By Carol Ann Quinsey, RHIA, CHPS
© American Health Information Management Association 2007
The concept of a legal health record, whether paper or electronic, is generally well understood within the health information management (HIM) profession. However, during the transition from paper to electronic records some organizations are expressing concern about the use of the terms “legal health record” and “legal electronic health record.”
Health records serve purposes across every care setting. They are the basis for communication among healthcare providers, documentation of patient care, the source of data for patient care evaluation, the source of research data for improving the quality of care and the source for reimbursement for services.
In addition, health records have historically been the recognized legal business record for healthcare organizations, and as such, health records can be admitted into legal proceedings as an exception to the hearsay rule in most states. The Federal Rules of Evidence (803(6)) and the Uniform Business and Public Records Act adopted by most states allow this exception for health records maintained in the regular course of business as long as the record was:
• Documented in the normal course of business,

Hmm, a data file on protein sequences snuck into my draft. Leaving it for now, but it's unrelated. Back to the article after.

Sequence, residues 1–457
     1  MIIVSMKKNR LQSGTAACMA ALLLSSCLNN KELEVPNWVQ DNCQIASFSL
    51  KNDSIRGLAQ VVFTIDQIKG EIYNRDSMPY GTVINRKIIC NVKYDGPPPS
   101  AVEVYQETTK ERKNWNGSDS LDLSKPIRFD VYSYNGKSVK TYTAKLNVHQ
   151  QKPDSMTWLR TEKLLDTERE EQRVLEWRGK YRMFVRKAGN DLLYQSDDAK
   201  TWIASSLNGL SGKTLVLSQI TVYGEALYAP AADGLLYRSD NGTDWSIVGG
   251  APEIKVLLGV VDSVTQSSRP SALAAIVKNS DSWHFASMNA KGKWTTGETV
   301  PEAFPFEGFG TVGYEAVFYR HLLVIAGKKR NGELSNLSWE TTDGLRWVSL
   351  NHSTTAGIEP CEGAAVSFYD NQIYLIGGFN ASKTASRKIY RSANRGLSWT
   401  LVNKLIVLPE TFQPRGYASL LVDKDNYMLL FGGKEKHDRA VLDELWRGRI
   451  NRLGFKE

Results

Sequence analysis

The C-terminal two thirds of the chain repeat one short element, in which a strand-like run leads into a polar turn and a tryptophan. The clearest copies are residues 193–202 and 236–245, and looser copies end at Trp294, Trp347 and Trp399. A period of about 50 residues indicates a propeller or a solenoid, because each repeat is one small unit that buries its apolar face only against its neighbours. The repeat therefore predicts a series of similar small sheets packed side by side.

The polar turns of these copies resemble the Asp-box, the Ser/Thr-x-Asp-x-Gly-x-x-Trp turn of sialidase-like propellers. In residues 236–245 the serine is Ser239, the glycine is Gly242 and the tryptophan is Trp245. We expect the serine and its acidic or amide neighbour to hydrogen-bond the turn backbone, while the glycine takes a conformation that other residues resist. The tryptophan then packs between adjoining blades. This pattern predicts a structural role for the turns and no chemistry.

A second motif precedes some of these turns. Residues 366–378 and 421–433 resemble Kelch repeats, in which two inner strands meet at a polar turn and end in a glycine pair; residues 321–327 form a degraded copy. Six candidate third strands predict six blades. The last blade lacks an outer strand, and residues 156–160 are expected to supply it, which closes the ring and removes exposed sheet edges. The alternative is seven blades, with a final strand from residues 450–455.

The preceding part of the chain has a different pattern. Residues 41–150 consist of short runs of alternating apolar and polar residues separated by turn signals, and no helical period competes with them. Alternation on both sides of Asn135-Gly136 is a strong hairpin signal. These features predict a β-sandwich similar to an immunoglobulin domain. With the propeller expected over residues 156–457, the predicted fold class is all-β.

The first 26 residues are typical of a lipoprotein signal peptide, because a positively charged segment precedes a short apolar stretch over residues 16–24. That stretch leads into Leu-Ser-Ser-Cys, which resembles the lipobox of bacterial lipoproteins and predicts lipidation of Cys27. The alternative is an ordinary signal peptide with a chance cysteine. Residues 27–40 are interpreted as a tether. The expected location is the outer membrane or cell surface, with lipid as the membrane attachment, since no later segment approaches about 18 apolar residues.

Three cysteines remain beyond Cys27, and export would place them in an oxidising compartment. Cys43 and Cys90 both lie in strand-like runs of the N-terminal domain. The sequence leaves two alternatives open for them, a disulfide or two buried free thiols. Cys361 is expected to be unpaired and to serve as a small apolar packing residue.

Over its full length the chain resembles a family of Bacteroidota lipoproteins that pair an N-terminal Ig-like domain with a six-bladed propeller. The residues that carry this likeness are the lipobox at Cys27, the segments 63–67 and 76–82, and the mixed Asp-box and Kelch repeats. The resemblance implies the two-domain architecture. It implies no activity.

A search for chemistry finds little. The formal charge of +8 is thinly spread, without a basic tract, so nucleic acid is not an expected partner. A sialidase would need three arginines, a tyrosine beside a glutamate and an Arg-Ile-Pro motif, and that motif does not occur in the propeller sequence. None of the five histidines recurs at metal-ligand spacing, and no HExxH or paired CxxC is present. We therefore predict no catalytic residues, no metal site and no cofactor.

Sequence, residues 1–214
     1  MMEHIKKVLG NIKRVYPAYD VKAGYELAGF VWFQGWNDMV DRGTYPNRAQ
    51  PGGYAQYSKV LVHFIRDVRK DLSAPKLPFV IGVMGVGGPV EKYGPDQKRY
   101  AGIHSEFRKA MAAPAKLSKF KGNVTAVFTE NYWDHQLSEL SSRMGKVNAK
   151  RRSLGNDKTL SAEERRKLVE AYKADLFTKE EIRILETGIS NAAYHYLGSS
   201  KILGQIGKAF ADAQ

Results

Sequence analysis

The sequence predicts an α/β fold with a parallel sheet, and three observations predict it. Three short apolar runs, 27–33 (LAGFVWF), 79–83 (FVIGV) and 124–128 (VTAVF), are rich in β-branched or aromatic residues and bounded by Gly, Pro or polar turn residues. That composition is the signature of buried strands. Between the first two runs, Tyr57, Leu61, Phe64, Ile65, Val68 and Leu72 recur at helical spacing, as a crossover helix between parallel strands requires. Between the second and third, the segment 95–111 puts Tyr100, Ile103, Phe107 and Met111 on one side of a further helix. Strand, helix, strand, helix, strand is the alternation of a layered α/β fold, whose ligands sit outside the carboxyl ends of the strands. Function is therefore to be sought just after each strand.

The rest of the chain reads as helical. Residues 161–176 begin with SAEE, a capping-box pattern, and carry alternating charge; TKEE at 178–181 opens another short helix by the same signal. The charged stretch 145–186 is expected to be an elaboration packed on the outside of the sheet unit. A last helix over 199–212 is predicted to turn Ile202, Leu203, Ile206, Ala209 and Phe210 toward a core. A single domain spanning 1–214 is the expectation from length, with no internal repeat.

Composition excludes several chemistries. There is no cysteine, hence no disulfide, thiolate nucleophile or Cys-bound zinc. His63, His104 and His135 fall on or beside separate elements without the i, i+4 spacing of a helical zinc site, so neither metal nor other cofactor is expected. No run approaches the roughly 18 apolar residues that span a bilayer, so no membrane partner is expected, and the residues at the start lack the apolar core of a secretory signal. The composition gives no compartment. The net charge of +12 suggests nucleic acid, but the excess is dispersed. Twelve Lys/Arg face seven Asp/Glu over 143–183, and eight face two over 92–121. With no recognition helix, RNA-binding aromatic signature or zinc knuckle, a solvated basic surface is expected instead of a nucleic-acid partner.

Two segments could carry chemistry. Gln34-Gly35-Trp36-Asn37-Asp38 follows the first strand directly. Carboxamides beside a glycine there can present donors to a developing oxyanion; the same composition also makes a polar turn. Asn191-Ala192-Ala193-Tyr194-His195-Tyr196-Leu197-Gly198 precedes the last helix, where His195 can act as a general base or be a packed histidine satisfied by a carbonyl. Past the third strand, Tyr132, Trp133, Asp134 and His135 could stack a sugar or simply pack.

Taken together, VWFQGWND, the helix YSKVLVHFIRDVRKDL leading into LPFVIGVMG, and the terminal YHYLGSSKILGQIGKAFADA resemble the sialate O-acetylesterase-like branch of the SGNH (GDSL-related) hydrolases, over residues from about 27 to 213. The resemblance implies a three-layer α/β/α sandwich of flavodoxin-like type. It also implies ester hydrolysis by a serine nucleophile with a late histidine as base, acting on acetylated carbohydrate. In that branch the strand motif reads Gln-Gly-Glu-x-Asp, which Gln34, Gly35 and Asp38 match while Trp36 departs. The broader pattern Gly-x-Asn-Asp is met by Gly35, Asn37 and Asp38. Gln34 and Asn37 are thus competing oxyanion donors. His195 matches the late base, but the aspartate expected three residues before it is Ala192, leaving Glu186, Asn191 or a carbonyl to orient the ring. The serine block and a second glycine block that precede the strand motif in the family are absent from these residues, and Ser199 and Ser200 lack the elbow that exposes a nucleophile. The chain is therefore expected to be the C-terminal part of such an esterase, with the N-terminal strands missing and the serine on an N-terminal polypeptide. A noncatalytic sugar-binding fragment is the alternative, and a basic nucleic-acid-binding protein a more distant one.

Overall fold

• Kept in the regular course of business,
• Made at or near the time of the matter recorded,
• Made by the person(s) within the business with knowledge of the acts, events, conditions, opinions or diagnoses appearing in it.
Health information managers were, and continue to be, the record custodians, managing them in a way that ensures documentation standards are developed for and followed by the organization. Such standards meet applicable requirements promulgated by relevant accreditation bodies and agencies such as the Centers for Medicare and Medicaid Services (CMS), in addition to pertinent state and federal laws and regulations.
The landscape of laws, regulations and practice standards for the creation and maintenance of legal health records is complex and consistent by neither care setting nor state. HIM professionals have traditionally been recognized as the experts on what is required for defining a legal health record in individual healthcare organizations. They are charged with developing and implementing policies and procedures necessary to create and maintain a legal health record (i.e., business record) for the organization.
This process generally starts by reviewing the requirements found in applicable federal and state laws, rules for compliance and accreditation standards. It is then a matter of striking an acceptable balance between the requirements and being able to use health information appropriately. Practical concerns having to do with the technology must also be considered.
Among the many organizational policies and procedures necessary to permit health records to be recognized as legal business records is a policy specifying what documents may be disclosed in response to a valid request for disclosure, whether from a patient, third-party payer, legal counsel or court. Policies and procedures identify the exact subset of documents that will be released upon receipt of a valid request for disclosure. Many additional documents may be discoverable, but there should be a clear subset of documents that are released initially.
Life cycle of records